The whole point of having an EPO button is so that a data center’s power can be cut in one fell swoop if there’s a fire, electrocution, or other dire emergency. The only thing is, an EPO can wreak total havoc, and even cause you to lose your job, if you accidentally push it. When the power suddenly dies, you’re left with hours or even days of downtime and recovery, which can mean very bad things for both your business and your clients. As a matter of fact, I recently saw a hilarious blog post that showed a picture of an EPO that was cleverly labeled “Armageddon.” That pretty much sums it up. So why the heck don’t data center managers (with the exception of the “Armageddon” guy) do a better job of labeling these things?
Put away the Post-It notes, masking tape and markers: it’s time for a real label, one that’s worthy of a Bond villain’s control panel. One that’s authoritative enough to say “do not push this unless absolutely necessary” and mean it. What we need is a little HellermannTyton.
HellermannTyton has recently developed a really cool, extremely substantial foam label that can be printed with a thermal transfer label printer, but has a lot more impact that plain old tape-style labels. They can take large fonts, have room for additional graphics, and some of them are even cut to fit around buttons and toggle switches. These things are not joking around – they’re serious labels for serious controls. Try them out, because a data center is never the place to say “oopsie!”
There was a time when you had two choices, braided sleeving-wise: you could have metal, which had tough-guy good looks and shielded against EMI, but was less than ideal in the flexibility department (way too stiff). Or there was plastic, which was flexible and abrasion-resistant, but couldn’t do a thing to block interference. Both types are great in their own respects, but if you needed the characteristics of both, it was more or less a “pick your poison” scenario.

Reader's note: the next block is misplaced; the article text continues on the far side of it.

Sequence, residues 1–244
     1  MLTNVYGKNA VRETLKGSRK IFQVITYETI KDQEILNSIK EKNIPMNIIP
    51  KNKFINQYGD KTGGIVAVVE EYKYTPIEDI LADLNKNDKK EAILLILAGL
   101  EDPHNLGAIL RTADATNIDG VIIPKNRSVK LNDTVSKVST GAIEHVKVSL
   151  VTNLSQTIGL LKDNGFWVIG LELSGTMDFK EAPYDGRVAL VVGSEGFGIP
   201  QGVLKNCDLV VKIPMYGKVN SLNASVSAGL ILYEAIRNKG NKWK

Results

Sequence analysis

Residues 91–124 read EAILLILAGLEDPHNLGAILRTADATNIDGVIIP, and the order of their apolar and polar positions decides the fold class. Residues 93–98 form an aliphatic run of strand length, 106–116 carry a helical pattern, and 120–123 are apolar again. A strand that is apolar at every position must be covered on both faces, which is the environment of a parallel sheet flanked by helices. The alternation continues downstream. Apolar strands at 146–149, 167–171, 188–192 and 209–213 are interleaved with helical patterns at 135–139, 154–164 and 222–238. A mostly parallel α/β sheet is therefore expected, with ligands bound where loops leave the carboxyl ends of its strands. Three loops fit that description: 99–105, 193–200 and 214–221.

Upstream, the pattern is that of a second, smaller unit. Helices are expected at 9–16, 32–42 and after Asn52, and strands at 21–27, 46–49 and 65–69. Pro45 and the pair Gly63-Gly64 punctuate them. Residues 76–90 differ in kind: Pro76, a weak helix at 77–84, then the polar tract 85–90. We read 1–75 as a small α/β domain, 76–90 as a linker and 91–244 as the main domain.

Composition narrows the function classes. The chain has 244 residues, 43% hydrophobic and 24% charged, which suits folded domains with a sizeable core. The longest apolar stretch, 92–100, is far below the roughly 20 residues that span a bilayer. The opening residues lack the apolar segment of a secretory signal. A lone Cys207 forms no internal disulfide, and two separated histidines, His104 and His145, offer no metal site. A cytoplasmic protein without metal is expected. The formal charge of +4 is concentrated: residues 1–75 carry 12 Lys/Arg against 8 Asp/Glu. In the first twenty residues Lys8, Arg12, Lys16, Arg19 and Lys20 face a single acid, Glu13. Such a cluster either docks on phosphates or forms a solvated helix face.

Enter HellermannTyton and their braided sleeving brainchild, otherwise known as Helagaine. It makes me wonder if the stuff was named by someone from NoCal, because with this stuff, you get hella gains over what you might with a less brilliant product. Okay, that was pretty bad, but what did you think of when you read that name? Thought so.
Anyway, here’s the deal: Helagaine braided sleeving combines the best attributes of both metal and plastic-based braids into one sweet sleeving that has the flexibility and almost glove-like fit of a plastic expandable braid, but the sleekly badass appearance and EMI-repellant powers of a stainless steel or copper sleeving. It’s great for radio equipment, heavy machinery and military vehicles whose cables need a little extra something in the way of protection, but can’t settle for a sloppy fit. Or, you could just use it to snazz up some hoses or wiring for your boat or custom car.
We all get grossed out every time we hear those crazy news stories about how someone was happily chowing down until they looked down and discovered a dead cockroach, rodent droppings or a sharp piece of something in whatever they were eating. As a matter of fact, I think I saw a headline about a purported dead mouse in a carton of milk just last week. Naaaaaaasty!!! Most of us have squeaked by without falling victim to food contamination, but every time you hear another gross-out story, it’s easy to think “How can stuff like this be happening, in this day and age of health codes, lawsuits, and complete paranoia?”
Easy. Everything that we consume is touched by humans and/or machinery, two “breeds” (so to speak) that are infamous for things like error and general malfunction. We screw up. The things we invent screw up. It’s going to happen. Luckily, groups like the FDA and WHO are cracking down more than ever on the conditions in food and pharmaceutical manufacturing facilities, right down to the kind of cable management used on data cabling and automated machinery.